## Monday, February 20, 2023

How to convert a voltmeter to an ammeter?

A voltmeter measures the voltage drop between two points in a circuit. It tends to be connected to the circuit in parallel, and has a high resistance so as not to usurp current from the circuit. One of the current measurements between two ammeter points. They tend to be in series and have low resistance, so as not to affect the circuit's electron flow significantly. Both devices are galvanometers - a device that quantifies how much a spring-loaded electromagnet (powered by circuit current) steers with a permanent magnet. The details of how to convert an ammeter to a voltmeter vary with the design of the ammeter, for example how to physically get into it and how to change its parts, but the fundamental changes are the same patterns throughout - at least for the type analog.

Instructions

1 Insert a resistor in the internal circuit. This reduces the amount of current through the voltmeter itself, so that it does not significantly affect the circuit being measured.

2 Remove any parallel shunt resistor the ammeter may contain. These are included in ammeter to maximize current flow through ammeter. In other words, most of the current flows through the low-resistance parallel resistor, and the little that flows through the galvanometer registers current as it translates to current through the shunt resistor, which presents resistance negligible.

3 Replace the permanent magnet or spring on the solenoid to achieve the desired volt range. Use the following equality to help: NIAB = ??. Here, the left side is the magnetic torque on the gauge needle holding electromagnet. The right side is the spring torque opposite the deflection?. A is the area of the electromagnet coil, i is the current through the N wire loops of the electromagnet, B is the stength of the permanent magnetic field, and ? is the force constant of the spring. So if the needle range is, say, 30 degrees, then? = 30 degrees for the current, i, which is the maximum voltage drop, V, across the voltmeter that you want the meter to be able to register. You find i of V by defining the resistance R = V / i, and varying the resistance R of the voltmeter to get the desired voltage range.

4 Replace the current units on the gauge with voltages, according to your calibration in step 5.

Tips and Warnings

You may have some concern that the voltmeter will have too little current flowing through it, relative to the current the ammeter knows, to register much of the reading if you add a large resistor in series. But keep in mind that the ammeter's electromagnet had little current flowing through it because most of the current was going through the shunt resistor, which had such a low resistance.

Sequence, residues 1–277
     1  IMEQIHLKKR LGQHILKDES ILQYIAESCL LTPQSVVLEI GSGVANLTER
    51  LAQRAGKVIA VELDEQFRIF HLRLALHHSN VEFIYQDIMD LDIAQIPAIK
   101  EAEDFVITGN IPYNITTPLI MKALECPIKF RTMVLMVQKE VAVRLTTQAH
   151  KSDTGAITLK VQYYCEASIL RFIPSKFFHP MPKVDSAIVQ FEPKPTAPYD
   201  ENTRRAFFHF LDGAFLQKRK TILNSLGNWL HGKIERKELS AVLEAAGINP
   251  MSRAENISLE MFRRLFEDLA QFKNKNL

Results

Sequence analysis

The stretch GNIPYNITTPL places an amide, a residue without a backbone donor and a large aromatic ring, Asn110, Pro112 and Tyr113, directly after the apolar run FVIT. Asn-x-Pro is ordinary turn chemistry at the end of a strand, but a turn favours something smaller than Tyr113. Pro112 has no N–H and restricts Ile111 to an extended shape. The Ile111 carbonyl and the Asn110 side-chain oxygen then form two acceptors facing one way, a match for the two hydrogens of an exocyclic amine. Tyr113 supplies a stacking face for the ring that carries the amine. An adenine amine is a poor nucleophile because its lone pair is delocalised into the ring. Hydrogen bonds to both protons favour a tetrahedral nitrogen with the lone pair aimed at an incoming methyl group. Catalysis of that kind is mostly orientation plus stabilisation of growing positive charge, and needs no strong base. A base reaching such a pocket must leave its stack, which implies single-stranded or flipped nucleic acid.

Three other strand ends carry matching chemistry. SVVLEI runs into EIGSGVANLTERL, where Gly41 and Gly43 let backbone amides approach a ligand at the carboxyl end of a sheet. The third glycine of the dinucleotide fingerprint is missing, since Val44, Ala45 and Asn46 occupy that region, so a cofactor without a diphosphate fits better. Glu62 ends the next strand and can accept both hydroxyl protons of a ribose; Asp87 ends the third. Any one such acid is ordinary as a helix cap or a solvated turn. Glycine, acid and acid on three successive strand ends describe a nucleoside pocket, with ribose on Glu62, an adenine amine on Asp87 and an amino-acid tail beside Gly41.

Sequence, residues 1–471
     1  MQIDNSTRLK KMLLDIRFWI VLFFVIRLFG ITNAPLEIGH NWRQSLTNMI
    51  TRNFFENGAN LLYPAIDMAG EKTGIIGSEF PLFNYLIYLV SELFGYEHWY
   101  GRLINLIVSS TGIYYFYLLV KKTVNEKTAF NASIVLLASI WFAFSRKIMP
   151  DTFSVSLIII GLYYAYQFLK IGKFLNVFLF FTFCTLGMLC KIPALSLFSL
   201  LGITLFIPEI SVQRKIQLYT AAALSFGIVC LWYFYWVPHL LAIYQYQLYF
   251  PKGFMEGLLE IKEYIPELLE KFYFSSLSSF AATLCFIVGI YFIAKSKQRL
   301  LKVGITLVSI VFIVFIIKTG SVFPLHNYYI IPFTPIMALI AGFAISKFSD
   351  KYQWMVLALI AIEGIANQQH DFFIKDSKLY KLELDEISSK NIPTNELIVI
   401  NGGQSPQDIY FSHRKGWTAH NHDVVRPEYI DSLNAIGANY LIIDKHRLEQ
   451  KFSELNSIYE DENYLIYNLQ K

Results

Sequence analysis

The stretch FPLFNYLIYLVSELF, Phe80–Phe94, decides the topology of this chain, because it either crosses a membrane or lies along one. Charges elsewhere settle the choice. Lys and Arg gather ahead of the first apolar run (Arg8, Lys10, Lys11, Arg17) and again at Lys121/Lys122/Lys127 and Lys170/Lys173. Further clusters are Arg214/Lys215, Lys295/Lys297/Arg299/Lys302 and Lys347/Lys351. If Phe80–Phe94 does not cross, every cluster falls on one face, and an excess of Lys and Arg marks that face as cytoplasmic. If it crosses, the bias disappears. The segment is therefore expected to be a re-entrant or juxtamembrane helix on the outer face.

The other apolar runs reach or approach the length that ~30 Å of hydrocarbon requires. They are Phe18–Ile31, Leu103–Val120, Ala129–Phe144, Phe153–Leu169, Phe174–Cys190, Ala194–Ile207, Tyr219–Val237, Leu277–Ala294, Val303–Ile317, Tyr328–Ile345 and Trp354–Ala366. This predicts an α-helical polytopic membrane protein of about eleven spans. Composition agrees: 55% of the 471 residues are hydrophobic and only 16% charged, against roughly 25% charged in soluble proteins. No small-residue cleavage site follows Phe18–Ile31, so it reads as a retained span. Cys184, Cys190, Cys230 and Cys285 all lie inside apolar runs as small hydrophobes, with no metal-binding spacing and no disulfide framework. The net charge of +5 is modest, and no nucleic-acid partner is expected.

How to convert a voltmeter to an ammeter?

A voltmeter measures the voltage drop between two points in a circuit. It tends to be connected to the circuit in parallel, and has a high resistance so as not to usurp current from the circuit. One of the current measurements between two ammeter points. They tend to be in series and have low resistance, so as not to affect the circuit's electron flow significantly. Both devices are galvanometers - a device that quantifies how much a spring-loaded electromagnet (powered by circuit current) steers with a permanent magnet. The details of how to convert an ammeter to a voltmeter vary with the design of the ammeter, for example how to physically get into it and how to change its parts, but the fundamental changes are the same patterns throughout - at least for the type analog.

Instructions

1 Insert a resistor in the internal circuit. This reduces the amount of current through the voltmeter itself, so that it does not significantly affect the circuit being measured.

2 Remove any parallel shunt resistor the ammeter may contain. These are included in ammeter to maximize current flow through ammeter. In other words, most of the current flows through the low-resistance parallel resistor, and the little that flows through the galvanometer registers current as it translates to current through the shunt resistor, which presents resistance negligible.

3 Replace the permanent magnet or spring on the solenoid to achieve the desired volt range. Use the following equality to help: NIAB = ??. Here, the left side is the magnetic torque on the gauge needle holding electromagnet. The right side is the spring torque opposite the deflection?. A is the area of the electromagnet coil, i is the current through the N wire loops of the electromagnet, B is the stength of the permanent magnetic field, and ? is the force constant of the spring. So if the needle range is, say, 30 degrees, then? = 30 degrees for the current, i, which is the maximum voltage drop, V, across the voltmeter that you want the meter to be able to register. You find i of V by defining the resistance R = V / i, and varying the resistance R of the voltmeter to get the desired voltage range.

4 Replace the current units on the gauge with voltages, according to your calibration in step 5.

Tips and Warnings

You may have some concern that the voltmeter will have too little current flowing through it, relative to the current the ammeter knows, to register much of the reading if you add a large resistor in series. But keep in mind that the ammeter's electromagnet had little current flowing through it because most of the current was going through the shunt resistor, which had such a low resistance.